Mutation Analysis

The development of chronic pancreatitis is the end-result of a process whereby recurrent acute pancreatitis events occur because of increased susceptibility, triggering events and the development of a fibrotic and destructive response. Pancreatitis may develop as the result of both intra-acinar or intraductal events. Molecular techniques applied to groups of patients and families with a high prevalence of pancreatitis are yielding information as to mechanisms whereby gene mutations increase susceptibility in the development of acute pancreatitis events. In the pancreatic parenchymal cells an imbalance in the activation of proteases and their inhibition may be integral to the process. Small amounts of active trypsin are normally generated from its inactive precursor, most notably cationic trypsino-gen. Trypsin molecules are kept in check by protease inhibitors, such as serine protease inhibitor Kazal type 1 (ie, SPINK1; also known as pancreatic secretory trypsin inhibitor or PST1) and autolysis. However, when 10 to 20% of cationic trypsinogen (ie, protease, serine 1; PRSS1) becomes activated, the inhibitory SPINK1 mechanism becomes overwhelmed and a cascade of events can follow with the end result of pancreatitis (Whitcomb, 2002; Witt, 2003; Naruse, 2003). Some mutations in PRSS1 (eg, arginine-histidine substitution at residue 122 [R122H]) result in increased autoactivation and yield a trypsin resistant to autolysis, whereas other mutations, such as the asparagine-isoleucine substitution at residue 29 (N29I), appear to have increased autoactivation only. Mutations in SPINK1 (eg, asparagines-serine substitution at residue 34-N34S) result in loss of the SPINK1 line of defense resulting in more intracellular trypsin. it is the acinar ductal cells where expression of CFTR occurs. CFTR mutations have been classified by the CF genetic analysis into various classes based on their predicted molecular dysfunction, and there are a number of proposed mechanisms whereby pancreatitis can develop based on the fluid and electrolyte alterations in the duct with the resultant effect of acinar inflammation (Freedman et al, 2000). Disparate clinical consequences might be predicted at different gene muta tion sites but interestingly any given mutation has a spectrum of phenotypic expression. A number of mutations in the above 3 genes have been described, including over 1,000 for CFTR and around 10 so far for PRSS1 and SPINK1 (http://archive The spectrum of phenotypic expression between individuals remains unexplained but may be as a result of combinations of mutations. For instance, CF individuals homozygous for the most common CFTR mutation (deletion of the phenylalanine residue at position 508 [ie, AF508]) have evidence of pancreatitis early in life (fetal and neonatal) and generally are pancreatic insufficient. individuals that present with chronic pancreatitis rather than typical CF manifestations may be compound heterozygotes for CFTR (Cohn et al, 2002). As well, there may be synergism with non- CFTR gene modifiers. For instance, mutational analysis of patients with chronic pancreatitis has yielded individuals trans-heterozygous for a CFTR mutation and a mutation in SPINK1 (Audrezet et al, 2002; Noone et al, 2001). Thus, mutations in genes associated with pancreatic functioning can create an environment in the pancreas that modifies responses to pancreatic insults and places individuals at risk of developing pancreatitis. Then, other processes lead to the development of chronic pancreatitis and tissue destruction.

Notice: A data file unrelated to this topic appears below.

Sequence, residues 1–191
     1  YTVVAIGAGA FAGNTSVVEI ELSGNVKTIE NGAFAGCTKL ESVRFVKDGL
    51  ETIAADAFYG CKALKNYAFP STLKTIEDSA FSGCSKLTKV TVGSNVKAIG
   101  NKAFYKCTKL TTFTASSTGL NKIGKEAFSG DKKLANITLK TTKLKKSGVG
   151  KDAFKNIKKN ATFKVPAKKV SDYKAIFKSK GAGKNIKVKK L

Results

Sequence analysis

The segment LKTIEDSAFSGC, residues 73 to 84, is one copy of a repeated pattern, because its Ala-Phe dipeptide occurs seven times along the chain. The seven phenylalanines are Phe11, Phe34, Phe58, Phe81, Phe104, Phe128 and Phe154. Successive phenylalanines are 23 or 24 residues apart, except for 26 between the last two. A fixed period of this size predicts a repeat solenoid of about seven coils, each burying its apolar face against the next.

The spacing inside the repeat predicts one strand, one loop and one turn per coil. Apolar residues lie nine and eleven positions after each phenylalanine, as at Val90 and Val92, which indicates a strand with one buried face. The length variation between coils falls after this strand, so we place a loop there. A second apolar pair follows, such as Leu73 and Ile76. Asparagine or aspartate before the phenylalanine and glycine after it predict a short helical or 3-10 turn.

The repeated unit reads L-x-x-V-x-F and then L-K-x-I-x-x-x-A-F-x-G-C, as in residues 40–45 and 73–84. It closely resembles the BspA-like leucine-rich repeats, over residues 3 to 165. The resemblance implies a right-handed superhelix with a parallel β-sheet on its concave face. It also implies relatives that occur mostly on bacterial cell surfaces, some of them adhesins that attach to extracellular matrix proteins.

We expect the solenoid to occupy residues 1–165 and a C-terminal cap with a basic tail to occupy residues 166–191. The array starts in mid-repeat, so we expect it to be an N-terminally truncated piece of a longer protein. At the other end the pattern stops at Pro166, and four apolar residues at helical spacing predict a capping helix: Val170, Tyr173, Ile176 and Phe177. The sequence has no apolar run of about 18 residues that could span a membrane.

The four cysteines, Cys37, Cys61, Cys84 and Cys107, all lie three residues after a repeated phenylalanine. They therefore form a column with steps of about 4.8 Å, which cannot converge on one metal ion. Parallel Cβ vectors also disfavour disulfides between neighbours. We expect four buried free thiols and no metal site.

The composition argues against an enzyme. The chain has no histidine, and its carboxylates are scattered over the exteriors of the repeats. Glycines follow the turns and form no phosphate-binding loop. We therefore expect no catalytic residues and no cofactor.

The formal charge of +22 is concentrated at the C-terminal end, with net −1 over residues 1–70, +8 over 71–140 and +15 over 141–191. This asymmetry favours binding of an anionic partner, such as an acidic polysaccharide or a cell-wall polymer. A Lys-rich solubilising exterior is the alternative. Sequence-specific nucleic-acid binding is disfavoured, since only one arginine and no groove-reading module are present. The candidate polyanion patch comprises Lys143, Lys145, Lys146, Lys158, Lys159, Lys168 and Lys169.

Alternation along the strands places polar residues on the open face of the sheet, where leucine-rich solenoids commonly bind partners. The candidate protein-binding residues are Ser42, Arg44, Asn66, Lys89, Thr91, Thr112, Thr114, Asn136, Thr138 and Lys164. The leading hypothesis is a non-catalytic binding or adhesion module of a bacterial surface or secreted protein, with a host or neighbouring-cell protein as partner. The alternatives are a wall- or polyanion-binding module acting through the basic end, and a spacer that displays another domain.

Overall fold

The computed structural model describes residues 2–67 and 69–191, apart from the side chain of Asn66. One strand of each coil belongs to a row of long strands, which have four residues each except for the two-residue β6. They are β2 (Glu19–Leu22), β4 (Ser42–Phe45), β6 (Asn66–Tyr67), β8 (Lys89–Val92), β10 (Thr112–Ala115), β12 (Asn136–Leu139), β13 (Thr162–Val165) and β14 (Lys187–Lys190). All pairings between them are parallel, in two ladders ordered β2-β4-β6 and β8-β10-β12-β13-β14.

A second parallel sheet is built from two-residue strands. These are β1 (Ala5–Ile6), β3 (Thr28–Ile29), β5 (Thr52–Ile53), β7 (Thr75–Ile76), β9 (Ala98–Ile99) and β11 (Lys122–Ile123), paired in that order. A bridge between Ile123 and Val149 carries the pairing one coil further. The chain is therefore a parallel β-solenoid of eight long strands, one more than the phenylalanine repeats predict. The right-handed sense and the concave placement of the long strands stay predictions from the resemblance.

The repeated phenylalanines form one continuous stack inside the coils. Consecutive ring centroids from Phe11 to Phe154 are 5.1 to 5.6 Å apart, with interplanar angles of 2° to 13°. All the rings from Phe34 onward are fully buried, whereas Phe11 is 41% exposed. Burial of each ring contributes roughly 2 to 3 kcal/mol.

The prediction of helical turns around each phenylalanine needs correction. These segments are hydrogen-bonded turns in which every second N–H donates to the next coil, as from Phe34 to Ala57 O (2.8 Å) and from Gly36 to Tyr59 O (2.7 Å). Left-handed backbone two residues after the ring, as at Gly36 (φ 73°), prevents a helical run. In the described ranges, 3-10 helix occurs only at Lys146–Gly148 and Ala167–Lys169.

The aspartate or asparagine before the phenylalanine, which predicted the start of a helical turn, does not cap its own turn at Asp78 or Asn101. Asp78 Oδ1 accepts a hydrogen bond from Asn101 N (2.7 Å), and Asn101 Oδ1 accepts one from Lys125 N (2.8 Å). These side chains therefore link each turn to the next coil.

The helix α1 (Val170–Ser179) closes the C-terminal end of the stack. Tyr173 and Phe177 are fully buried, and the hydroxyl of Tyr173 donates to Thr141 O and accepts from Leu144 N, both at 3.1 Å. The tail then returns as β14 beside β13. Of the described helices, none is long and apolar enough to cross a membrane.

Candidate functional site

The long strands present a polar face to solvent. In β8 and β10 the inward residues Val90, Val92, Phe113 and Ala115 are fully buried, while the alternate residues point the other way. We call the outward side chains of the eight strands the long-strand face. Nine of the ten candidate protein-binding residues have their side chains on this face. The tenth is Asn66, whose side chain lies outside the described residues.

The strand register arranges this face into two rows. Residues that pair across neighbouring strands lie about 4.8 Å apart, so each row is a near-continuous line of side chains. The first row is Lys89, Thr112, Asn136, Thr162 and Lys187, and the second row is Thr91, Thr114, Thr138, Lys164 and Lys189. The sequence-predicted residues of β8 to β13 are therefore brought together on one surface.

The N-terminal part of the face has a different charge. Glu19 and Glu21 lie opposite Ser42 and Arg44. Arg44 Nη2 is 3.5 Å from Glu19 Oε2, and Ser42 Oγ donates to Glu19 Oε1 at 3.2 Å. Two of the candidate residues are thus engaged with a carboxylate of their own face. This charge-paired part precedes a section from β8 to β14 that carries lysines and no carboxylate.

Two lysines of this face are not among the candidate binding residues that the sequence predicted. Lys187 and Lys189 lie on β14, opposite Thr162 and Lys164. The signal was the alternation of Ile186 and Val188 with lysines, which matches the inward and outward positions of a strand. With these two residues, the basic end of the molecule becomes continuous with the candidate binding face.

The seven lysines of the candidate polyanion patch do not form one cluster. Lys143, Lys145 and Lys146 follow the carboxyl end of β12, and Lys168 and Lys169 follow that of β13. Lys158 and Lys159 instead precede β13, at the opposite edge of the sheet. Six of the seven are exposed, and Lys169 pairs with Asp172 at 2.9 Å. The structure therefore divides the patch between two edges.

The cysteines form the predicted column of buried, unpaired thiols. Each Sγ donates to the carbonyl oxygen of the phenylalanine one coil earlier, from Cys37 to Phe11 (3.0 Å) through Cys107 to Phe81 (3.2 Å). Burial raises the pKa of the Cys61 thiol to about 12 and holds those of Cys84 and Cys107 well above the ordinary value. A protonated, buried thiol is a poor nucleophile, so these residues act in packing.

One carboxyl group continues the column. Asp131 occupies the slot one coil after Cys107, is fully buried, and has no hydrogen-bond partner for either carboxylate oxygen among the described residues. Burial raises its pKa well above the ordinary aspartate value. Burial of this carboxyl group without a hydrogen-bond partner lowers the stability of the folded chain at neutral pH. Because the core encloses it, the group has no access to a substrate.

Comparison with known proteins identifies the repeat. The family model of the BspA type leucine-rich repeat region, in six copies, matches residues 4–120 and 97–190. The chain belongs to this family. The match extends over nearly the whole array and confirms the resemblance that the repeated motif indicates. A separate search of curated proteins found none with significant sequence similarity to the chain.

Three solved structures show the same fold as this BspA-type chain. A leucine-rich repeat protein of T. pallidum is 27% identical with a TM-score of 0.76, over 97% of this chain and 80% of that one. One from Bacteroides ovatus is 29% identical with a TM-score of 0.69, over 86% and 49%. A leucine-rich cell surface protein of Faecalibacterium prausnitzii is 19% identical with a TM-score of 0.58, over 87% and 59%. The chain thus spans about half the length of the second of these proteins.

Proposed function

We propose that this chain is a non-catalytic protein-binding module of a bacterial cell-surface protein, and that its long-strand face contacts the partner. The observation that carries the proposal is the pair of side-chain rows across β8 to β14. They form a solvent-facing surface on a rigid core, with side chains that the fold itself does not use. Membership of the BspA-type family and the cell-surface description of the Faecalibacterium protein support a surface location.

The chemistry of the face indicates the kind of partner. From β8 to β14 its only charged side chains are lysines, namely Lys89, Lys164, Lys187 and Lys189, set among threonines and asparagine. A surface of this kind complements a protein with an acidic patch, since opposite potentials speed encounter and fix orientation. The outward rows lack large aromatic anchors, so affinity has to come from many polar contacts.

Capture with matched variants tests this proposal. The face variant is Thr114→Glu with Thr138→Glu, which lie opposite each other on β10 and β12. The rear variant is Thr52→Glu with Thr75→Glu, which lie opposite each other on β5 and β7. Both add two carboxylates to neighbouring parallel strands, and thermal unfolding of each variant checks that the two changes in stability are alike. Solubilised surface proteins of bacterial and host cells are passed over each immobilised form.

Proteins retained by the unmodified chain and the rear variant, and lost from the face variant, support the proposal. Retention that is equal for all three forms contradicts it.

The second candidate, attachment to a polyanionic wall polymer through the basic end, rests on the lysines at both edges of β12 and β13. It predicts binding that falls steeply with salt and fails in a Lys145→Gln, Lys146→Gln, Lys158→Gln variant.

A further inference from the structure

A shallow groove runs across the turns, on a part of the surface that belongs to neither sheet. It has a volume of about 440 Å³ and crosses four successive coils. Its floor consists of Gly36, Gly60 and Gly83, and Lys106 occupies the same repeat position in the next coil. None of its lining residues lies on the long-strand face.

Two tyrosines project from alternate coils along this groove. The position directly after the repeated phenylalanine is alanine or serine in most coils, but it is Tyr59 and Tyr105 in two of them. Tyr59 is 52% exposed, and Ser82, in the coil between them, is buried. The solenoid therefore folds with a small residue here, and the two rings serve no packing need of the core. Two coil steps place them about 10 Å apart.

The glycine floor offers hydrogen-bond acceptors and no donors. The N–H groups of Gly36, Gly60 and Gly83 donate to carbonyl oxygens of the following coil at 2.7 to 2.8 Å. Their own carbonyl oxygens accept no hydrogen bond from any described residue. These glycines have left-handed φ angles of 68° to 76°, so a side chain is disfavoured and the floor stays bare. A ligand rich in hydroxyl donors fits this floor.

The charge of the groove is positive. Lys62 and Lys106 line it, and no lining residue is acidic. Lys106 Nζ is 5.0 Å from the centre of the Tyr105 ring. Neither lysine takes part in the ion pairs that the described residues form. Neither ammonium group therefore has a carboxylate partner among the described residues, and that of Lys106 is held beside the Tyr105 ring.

Constipation Prescription

Constipation Prescription

Did you ever think feeling angry and irritable could be a symptom of constipation? A horrible fullness and pressing sharp pains against the bladders can’t help but affect your mood. Sometimes you just want everyone to leave you alone and sleep to escape the pain. It is virtually impossible to be constipated and keep a sunny disposition. Follow the steps in this guide to alleviate constipation and lead a happier healthy life.

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